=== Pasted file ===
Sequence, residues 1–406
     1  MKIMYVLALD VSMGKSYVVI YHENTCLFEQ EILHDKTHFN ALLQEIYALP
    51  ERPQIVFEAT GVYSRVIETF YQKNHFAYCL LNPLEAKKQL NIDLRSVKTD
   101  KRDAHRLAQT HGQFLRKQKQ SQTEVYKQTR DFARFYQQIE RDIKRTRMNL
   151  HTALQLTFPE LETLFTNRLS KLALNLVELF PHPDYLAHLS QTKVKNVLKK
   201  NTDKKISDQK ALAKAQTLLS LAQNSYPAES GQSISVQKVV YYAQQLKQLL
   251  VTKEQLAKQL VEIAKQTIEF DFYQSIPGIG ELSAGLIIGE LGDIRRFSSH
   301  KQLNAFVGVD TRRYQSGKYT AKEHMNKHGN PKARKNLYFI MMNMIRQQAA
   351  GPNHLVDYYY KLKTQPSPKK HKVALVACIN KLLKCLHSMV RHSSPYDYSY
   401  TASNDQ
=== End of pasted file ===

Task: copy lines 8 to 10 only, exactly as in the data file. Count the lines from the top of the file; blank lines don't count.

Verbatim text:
   301  KQLNAFVGVD TRRYQSGKYT AKEHMNKHGN PKARKNLYFI MMNMIRQQAA
   351  GPNHLVDYYY KLKTQPSPKK HKVALVACIN KLLKCLHSMV RHSSPYDYSY
   401  TASNDQ